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UN: Over 100,000 Civilians behind ISIS Lines in Mosul’s Old City | ASHARQ AL-AWSAT English Archive 2005 -2017
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Cars burnt and destroyed by clashes are seen on a street during a battle between Iraqi forces and ISIS militants, in Mosul, Iraq March 16, 2017. REUTERS/Thaier Al-Sudani

The UN refugee agency said Friday that ISIS militants may be holding more than 100,000 civilians as human shields in the historic district of Mosul with a government offensive to recapture the northern Iraqi city entering its ninth month.

The UN refugee agency’s representative in Iraq Bruno Geddo said ISIS had been capturing civilians in battles outside of Mosul and had been forcing them into the Old City, one of the last parts of the city in their grip.

“More than 100,000 civilians may still be held in the Old City,” Geddo told reporters in Geneva.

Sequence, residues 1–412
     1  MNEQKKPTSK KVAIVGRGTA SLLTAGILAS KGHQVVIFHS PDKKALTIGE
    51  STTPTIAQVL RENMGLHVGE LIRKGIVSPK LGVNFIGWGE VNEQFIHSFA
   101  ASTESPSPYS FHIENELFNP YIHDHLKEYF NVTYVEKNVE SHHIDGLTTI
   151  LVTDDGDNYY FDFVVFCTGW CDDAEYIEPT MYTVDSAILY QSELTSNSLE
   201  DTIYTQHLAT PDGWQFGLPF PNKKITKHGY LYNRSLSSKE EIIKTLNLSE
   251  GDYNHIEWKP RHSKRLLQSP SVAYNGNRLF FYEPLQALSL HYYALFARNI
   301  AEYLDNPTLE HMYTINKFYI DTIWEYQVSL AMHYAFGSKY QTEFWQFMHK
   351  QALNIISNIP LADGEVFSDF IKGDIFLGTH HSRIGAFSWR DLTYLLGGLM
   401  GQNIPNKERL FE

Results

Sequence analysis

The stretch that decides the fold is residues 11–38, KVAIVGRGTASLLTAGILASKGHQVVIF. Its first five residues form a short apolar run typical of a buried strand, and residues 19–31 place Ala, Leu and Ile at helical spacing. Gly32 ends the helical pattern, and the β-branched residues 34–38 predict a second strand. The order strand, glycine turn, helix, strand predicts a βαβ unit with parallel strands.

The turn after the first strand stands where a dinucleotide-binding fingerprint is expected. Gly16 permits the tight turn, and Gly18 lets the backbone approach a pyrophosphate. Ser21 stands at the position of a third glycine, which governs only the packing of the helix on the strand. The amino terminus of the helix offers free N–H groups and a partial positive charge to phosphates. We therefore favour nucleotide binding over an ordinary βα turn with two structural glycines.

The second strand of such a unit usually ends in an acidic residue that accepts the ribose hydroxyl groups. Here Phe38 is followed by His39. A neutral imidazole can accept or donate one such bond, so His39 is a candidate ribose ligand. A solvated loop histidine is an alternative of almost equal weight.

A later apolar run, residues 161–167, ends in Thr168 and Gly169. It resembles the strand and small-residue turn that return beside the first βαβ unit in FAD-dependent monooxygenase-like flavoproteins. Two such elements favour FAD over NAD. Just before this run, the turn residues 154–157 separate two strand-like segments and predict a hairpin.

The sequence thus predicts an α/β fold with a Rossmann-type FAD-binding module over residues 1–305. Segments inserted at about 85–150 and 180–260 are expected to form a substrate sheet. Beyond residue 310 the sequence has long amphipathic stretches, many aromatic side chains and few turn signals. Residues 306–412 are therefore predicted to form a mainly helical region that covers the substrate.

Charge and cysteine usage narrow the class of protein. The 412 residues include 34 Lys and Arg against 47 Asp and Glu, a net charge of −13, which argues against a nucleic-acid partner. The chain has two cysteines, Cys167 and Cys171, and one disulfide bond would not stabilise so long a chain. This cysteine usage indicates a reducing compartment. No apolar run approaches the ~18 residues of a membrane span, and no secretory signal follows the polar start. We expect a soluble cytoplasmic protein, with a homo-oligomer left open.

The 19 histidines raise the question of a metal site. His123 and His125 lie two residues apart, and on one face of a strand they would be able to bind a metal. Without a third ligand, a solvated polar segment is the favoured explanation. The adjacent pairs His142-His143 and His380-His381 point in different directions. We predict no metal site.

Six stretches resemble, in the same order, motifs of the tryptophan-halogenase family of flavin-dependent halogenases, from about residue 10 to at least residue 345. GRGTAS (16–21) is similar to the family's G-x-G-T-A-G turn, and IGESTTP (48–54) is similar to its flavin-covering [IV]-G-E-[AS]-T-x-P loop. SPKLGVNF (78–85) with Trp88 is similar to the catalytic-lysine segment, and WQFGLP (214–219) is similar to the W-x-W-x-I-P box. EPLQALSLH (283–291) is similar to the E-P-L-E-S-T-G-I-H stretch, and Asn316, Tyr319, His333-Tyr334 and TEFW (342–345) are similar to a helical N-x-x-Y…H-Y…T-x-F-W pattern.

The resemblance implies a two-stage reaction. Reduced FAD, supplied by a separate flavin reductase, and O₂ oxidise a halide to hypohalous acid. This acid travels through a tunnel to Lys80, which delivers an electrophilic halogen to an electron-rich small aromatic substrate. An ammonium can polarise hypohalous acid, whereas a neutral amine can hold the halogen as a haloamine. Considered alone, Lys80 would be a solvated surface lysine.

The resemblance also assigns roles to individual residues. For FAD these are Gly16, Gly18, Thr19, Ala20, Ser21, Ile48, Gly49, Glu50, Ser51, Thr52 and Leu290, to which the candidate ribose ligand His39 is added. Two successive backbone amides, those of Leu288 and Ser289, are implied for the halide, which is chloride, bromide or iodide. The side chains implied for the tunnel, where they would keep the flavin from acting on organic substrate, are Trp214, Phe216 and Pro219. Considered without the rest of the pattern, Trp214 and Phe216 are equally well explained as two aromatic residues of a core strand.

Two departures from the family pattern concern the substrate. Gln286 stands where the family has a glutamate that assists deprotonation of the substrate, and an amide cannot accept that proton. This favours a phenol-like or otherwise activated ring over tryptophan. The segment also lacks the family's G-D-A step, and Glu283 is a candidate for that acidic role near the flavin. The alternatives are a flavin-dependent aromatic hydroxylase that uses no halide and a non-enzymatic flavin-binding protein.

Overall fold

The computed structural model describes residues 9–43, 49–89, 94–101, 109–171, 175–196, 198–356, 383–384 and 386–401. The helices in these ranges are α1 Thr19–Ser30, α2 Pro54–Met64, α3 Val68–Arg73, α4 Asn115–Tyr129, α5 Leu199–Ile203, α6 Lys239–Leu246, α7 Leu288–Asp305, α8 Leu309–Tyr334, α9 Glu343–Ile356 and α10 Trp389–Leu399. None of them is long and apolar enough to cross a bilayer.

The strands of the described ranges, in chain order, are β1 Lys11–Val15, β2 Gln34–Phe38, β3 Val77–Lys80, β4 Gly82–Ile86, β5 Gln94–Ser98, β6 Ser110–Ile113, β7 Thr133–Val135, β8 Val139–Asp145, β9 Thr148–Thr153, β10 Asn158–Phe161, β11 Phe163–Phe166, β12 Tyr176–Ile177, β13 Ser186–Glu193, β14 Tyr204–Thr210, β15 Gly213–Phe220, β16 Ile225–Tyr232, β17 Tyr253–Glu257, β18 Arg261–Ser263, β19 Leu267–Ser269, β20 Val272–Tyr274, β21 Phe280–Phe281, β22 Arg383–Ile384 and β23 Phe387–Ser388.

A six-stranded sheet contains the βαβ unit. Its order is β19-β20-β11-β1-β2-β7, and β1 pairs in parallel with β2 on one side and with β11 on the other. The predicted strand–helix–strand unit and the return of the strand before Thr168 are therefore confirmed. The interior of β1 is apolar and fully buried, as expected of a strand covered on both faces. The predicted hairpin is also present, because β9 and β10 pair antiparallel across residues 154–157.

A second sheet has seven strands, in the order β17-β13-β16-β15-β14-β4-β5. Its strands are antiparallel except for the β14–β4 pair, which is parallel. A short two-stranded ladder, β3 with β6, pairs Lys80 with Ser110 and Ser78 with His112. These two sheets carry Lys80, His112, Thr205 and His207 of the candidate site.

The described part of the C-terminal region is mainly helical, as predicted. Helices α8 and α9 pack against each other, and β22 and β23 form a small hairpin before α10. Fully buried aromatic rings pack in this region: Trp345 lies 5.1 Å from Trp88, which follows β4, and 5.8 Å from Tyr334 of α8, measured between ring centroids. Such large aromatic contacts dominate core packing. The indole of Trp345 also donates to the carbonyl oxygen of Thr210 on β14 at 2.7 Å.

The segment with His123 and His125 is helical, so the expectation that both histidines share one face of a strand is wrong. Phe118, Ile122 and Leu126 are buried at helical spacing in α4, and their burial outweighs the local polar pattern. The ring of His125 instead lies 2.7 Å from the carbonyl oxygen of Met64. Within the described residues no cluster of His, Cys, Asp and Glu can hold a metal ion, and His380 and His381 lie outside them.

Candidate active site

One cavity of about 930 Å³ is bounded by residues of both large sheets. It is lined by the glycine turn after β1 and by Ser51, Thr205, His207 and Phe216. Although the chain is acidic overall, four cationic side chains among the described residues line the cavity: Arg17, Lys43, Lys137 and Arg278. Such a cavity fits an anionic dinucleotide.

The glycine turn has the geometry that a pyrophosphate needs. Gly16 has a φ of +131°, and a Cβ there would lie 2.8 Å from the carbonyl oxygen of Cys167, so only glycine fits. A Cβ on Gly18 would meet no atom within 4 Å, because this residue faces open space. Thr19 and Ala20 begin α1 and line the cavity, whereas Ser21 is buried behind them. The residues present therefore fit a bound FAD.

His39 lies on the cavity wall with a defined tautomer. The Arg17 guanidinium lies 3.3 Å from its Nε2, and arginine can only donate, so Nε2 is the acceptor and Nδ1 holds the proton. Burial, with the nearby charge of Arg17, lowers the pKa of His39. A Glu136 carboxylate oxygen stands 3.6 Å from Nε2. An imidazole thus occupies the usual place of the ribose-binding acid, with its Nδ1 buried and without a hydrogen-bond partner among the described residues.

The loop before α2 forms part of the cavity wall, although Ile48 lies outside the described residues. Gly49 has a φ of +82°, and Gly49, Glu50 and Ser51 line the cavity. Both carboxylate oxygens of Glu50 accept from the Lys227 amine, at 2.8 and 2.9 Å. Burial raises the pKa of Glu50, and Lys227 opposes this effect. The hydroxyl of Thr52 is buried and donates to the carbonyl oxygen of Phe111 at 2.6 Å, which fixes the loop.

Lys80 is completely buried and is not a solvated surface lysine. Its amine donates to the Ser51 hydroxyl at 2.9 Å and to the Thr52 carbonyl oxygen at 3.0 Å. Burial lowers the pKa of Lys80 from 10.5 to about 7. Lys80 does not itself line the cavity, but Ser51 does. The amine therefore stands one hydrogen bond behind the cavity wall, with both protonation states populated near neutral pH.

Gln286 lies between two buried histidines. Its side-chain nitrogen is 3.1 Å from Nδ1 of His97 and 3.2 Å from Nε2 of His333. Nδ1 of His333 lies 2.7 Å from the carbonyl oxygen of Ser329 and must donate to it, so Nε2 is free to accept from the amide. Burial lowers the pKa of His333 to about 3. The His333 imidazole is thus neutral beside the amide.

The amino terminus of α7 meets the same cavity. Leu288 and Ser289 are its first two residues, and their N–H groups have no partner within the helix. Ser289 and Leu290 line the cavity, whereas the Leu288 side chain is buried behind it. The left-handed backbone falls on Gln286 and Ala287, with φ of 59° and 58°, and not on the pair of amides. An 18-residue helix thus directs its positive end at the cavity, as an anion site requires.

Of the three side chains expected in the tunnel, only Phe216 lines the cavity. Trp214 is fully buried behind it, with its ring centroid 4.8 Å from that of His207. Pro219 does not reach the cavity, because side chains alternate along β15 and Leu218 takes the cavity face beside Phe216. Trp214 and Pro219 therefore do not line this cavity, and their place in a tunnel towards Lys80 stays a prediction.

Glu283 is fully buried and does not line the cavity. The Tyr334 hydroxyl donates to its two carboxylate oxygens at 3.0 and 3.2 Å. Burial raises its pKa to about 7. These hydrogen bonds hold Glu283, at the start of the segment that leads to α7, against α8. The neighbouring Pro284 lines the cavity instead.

“We know that ISIS moved them with them as they left… locations where the fighting was going on,” he said. “These civilians are basically held as human shields in the Old City.”

Iraqi forces are fighting to retake Mosul from ISIS, after the terrorist organization overran the city in 2014. The offensive started on October 17 with key air and ground support from a US-led international coalition.

“With virtually no food, water or electricity left in the area, the civilians are “living in an increasingly worsening situation of penury and panic,” Geddo said.

“They are surrounded by fighting on every side,” he said, adding the Old City “is a very dense labyrinth, a maze of alleyways where fighting will have to be done on foot, house by house.”

Snipers meanwhile try to kill anyone trying to leave the area under ISIS control, he said, adding that the few who manage to escape are “deeply traumatized.”

Since October, an estimated 862,000 people, more than a third of the pre-war population of the Iraqi city, have been displaced from Mosul, although 195,000 have since returned, mainly to its liberated east.

That means 667,000 people remain displaced, nearly all of them from western Mosul, and are living in 13 camps set up by UNHCR or with host families. 

Geddo said the UN agency so far had provided assistance to more than 500,000 of the displaced people, and was also attempting to help those returning to Mosul, often to live in bombed-out buildings. 

“Many of these people are returning … to situations of penury,” he warned.